Tutors International founder, Adam Caller, issued a statement expressing his concern this week that, while SEN children rightly remain a priority in UK classrooms, gifted students are still not receiving the focused attention and support they need to thrive.
Referencing a recent article by Michael W. Ferguson, Mr Caller, founder of private tutoring firm Tutors International and an independent education consultant, questioned whether academically gifted, and higher IQ, children are being properly motivated and guided to reach their full potential by disinterested British schools.
Mr Caller commented: “The provision of educational services dedicated to the super-bright is virtually non-existent in the UK. Schools receive extra funding to support those with special educational needs such as dyslexia, ADHD, and autism spectrum disorders – and rightly so – but children who are academically gifted are ignored. This is happening in both state and private schools. As long as the child is deemed capable of passing exams, they’re considered to be okay, or in no need of extra attention, and they’re not being given the time and focused one-to-one support to enable them to perform to the best of their unique ability.”
A gifted child is generally considered to have an IQ of 140+, however, this has been lowered from 160+ in recent years, sparking concern that super-bright children are now being taught at the same levels as other children who, while still considered to be highly intelligent, cannot perform to the same standard, which is unlikely to provide a challenge to the truly gifted. Mr Caller believes that this leads to a ‘dumbing down’ of exceptionally bright children who, with the right support, have the potential to achieve much more than teachers give them credit for.
Mr Caller explained: “These are children with the potential to become our best inventors, lawmakers, diplomats, and could one day even help solve some of the world’s greatest problems, but they’re not being made aware of this. If children with this level of ability are left to stagnate, very much the same as with SEN children, we start to see behavioural issues, bullying, and even pressure from teachers and peers to not be ‘too clever’. We see private tutoring as a valid solution here, as a tutor can very quickly zone in on a child’s individual strengths and talents and nurture them one-to-one according to the child’s own interests and learning style, but schools still need to dramatically improve. Tutors International is currently advertising a UK placement with a 10-year-old boy, who we fully expect to be able take his GCSEs at age 12, but his school – and three schools prior to this – have been unable or unwilling to support his level of capability.”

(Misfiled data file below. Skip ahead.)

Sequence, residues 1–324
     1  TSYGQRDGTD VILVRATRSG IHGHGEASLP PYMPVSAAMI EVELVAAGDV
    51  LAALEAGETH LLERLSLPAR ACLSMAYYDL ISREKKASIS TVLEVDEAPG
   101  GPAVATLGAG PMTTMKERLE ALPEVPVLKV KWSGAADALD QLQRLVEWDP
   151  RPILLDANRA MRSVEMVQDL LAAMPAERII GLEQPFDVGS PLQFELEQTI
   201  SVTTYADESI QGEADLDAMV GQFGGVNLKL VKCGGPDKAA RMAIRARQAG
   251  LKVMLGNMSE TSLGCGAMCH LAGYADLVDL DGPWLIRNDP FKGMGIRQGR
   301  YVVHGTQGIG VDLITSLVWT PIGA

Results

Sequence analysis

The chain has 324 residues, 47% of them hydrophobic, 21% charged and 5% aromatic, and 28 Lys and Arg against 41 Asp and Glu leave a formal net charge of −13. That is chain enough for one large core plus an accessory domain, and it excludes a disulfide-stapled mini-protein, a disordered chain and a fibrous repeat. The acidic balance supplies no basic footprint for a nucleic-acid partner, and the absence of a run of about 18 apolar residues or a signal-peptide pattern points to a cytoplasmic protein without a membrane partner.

Tutors International has a reputation for placing exceptional, hand-picked private tutors with children all over the world – from SEN children to the academically gifted – and prides itself on its commitment to finding the perfect tutor for the individual needs of each family. Adam Caller welcomes any enquiries from parents of super-bright children to advise on the support options available.
To find out more about the services offered by Tutors International, visit tutors-international.com. Tutors can browse the latest vacancies and submit an application by visiting tutors-international.net.
About Tutors International
Tutors International is a worldwide organization providing experienced private tutors to work with children of all ages and nationalities. Tutors are available for full-time tutoring positions, for major support and tutoring outside school hours, or for home-schooling. Tutors International provide provide a bespoke service to find the right tutor that suits the child’s needs and aspirations, and if a live-in tutor is required, it is essential that the assigned tutor is the right match for the family and fits in the environment.
Tutors International was founded by Adam Caller who has tutored students of all ages. He has received specialist training in dyslexia and Attention Deficit Disorder and is very sensitive to children’s educational difficulties. He has now turned this expertise to recruiting, training and placing other tutors to help